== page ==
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JF Services facing new probe over alleged breach of employment laws

JF Services Ltd is allegedly underpaying some of its employees thousands of euros a year, as workers accused the company of refusing to pay for overtime according to the law and grant leave and sick-leave, while paying them less than the minimum wage

jurgen
Jurgen Balzan
28 March 2017, 7:30am
 JF Services directors Peter and Matthew Formosa denied the claims
JF Services directors Peter and Matthew Formosa denied the claims
A company which in 2014 was investigated by the Department of Industrial and Employment Relations over the precarious employment of foreign workers is facing new claims by its employees and is under investigation over another six cases. 

JF Services Ltd, which employs some 1,700 people in security, healthcare, logistics and corporate jobs, is allegedly underpaying some of its employees thousands of euros a year, as workers who spoke to this newspaper accused the company of refusing to pay for overtime according to the law and grant leave and sick-leave, while paying them less than the minimum wage. 

The Department of Industrial and Employment Relations (DIER) told MaltaToday that the company is undergoing investigation over six separate cases of employment law breaches.

Asked whether any action was taken following the 2014 report which appeared on MaltaToday, DIER said “as in any other case, investigations were carried out. Claims were settled by the employer without the need to proceed to court and the company rectified its position in accordance with the law.”

However talking to MaltaToday, JF Services directors Peter and Matthew Formosa denied these claims and said that “we have a clean slate and there are no pending investigations.”

Asked whether any of their employees is paid less than the minimum wage, Peter Formosa said “hand on heart, all our workers are paid according to the law and nobody is paid less than the minimum wage.”

However, payslips issued by JF Services Ltd in December and seen by MaltaToday show that workers, some of which work some 80 hours a week, are being paid a basic wage of €4.10 per hour. Their wages are then topped up by weekly allowances but workers alleged that they are not receiving the government bonuses.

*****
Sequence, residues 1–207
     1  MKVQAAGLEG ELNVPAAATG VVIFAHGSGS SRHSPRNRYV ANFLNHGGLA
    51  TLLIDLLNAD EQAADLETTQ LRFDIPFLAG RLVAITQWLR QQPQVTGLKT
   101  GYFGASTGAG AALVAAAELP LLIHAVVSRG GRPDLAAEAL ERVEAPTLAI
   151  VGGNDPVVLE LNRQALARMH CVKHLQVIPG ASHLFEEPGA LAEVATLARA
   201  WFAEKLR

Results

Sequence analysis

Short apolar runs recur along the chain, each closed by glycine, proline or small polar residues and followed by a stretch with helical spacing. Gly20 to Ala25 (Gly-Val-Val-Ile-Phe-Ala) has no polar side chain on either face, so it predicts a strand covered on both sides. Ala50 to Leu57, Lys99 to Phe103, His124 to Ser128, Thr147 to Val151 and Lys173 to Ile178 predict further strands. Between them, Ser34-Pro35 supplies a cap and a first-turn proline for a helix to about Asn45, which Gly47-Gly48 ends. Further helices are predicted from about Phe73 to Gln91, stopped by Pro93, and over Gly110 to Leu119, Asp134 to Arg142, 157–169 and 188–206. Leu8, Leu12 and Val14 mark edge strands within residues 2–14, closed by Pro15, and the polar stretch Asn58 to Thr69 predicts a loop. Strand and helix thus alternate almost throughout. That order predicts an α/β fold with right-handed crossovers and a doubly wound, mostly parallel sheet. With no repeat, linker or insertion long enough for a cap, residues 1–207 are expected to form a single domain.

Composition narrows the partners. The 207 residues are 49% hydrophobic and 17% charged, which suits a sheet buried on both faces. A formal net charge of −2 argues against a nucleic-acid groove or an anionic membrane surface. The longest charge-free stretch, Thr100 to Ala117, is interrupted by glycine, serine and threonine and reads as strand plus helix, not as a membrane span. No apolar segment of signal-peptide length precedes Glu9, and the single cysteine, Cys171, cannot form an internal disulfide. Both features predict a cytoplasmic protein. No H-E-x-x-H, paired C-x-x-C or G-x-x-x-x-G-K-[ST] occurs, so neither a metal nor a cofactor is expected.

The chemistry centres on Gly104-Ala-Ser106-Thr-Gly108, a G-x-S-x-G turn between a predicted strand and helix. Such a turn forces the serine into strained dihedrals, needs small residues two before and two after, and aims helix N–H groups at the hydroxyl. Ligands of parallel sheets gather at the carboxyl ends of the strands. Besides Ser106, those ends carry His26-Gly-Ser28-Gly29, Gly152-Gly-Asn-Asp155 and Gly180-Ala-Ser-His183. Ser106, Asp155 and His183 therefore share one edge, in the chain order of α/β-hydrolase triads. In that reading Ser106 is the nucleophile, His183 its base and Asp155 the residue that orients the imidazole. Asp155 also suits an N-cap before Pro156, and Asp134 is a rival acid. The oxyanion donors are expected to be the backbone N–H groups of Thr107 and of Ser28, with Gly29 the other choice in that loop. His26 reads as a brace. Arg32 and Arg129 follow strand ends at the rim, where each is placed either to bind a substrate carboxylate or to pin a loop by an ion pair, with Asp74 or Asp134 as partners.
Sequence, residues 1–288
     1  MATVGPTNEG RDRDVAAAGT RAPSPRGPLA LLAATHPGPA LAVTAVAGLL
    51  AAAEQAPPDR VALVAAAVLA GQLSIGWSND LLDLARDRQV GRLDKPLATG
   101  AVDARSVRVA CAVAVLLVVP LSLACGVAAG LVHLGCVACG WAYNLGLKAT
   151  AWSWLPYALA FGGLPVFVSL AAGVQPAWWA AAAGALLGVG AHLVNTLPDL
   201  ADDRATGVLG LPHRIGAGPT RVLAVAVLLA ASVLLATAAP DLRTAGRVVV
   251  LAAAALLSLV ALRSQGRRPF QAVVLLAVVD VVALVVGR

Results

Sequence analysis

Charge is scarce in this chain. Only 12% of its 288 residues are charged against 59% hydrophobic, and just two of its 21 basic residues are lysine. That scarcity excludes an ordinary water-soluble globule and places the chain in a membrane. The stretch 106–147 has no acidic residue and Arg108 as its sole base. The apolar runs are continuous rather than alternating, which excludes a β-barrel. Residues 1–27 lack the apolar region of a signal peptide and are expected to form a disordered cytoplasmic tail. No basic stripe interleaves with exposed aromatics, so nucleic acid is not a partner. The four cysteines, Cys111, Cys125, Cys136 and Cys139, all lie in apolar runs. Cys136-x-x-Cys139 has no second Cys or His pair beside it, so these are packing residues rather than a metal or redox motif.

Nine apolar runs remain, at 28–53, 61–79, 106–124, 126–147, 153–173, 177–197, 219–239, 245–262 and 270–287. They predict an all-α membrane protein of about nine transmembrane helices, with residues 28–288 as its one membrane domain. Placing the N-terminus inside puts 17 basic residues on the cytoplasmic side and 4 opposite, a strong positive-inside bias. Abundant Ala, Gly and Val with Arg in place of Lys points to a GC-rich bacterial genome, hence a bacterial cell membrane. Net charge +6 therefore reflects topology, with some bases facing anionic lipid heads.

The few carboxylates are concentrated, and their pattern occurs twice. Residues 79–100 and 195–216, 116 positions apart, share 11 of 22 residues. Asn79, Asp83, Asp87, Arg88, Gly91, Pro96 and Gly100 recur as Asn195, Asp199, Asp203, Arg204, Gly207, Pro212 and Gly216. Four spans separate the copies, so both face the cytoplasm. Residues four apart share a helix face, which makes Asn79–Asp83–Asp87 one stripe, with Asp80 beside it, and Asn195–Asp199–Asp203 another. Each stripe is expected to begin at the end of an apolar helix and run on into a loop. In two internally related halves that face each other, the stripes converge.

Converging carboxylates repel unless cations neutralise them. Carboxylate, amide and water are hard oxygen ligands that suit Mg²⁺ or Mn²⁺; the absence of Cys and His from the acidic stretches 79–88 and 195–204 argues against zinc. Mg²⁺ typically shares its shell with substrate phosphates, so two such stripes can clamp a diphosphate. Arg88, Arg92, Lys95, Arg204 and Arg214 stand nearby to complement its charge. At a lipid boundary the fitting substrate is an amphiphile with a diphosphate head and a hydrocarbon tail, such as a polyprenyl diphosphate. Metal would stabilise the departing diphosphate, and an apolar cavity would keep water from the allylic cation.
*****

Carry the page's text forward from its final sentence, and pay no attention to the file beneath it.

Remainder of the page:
Last year, the minimum wage stood at €728 per month, or €168 per week which works out at €4.20 per hour. 

Peter Formosa said if anyone of his employees was paid less than the minimum wage it “must be an error because we would be crazy not to observe the law when DIER monitors our operations.”

He also alleged that the payslips seen by MaltaToday could be manipulated as he went on to accuse foreign workers of tampering with payslips. 

Workers’ complaints

A number of employees of JF Services Ltd, which has a number of subsidiaries operating in diverse fields, ranging from construction to security, to healthcare and cleaning services, told MaltaToday they are also charged an extra €100 to have their permits renewed – over and above the €280 fee paid to national employment agency JobsPlus.

One of the workers, who asked to remain anonymous, said that over a 12-month period he has been underpaid by more than €5,000 as the company also refuses to pay for work carried out on Sundays and Public Holidays overtime.

For instance, according to the Construction Wages Council Wage Regulation Order, workers in the construction industry who work on Saturdays should be paid 150% of their normal wage rate. Workers engaged on Sunday should be paid 200% of their normal wage rate. 

Workers engaged on a holiday should be paid 300% of the normal wage rate (double time/200% in addition to a normal hourly wage).

In 2014, MaltaToday reported that one of its subsidiaries was employing foreign workers for a miserly hourly net wage of just over €3.60 and was in breach of employment laws.

However, Matthew Formosa said that following these reports the company was only asked to adjust the contractual conditions offered to foreign workers.  

In 2011, the General Workers Union also filed an industrial dispute against JF Security after the company allegedly introduced a mechanism by which workers’ hours were reduced from their pay.

Government contracts

Questions sent to the Finance Ministry on whether the company has been awarded any contracts since 2014 remain unanswered. 

A quick search in the Government Gazette shows that the company has been awarded at least two contracts since then; a direct order for security services by the Malta Financial Services Authority in April 2016 and a contract for cleaning services by the Regulator for Energy and Water Services also in 2016. The two contracts were worth €18,127.68 and €5,875.20 respectively. 

The company also provides cleaners to public hospitals and health centres and also provides hundreds of workers to government agency WasteServe. 

Workers, including foreign employees, who spoke to MaltaToday said that when they speak up for their rights the company’s directors and management staff threaten to revoke their work permits and have them repatriated. 

In one instance, the workers said, a colleague of theirs was fired after refusing to work overtime which he was not being paid for. 

But Peter Formosa vehemently denied this and said that all workers are compensated for overtime as stipulated by law. 

Beyond the precarious conditions reported by the workers, other documents confirm that foreign workers are owed large sums of money and the contracts signed were not honoured.

jurgen
Jurgen Balzan joined MaltaToday in 2011, specialising in politics, foreig...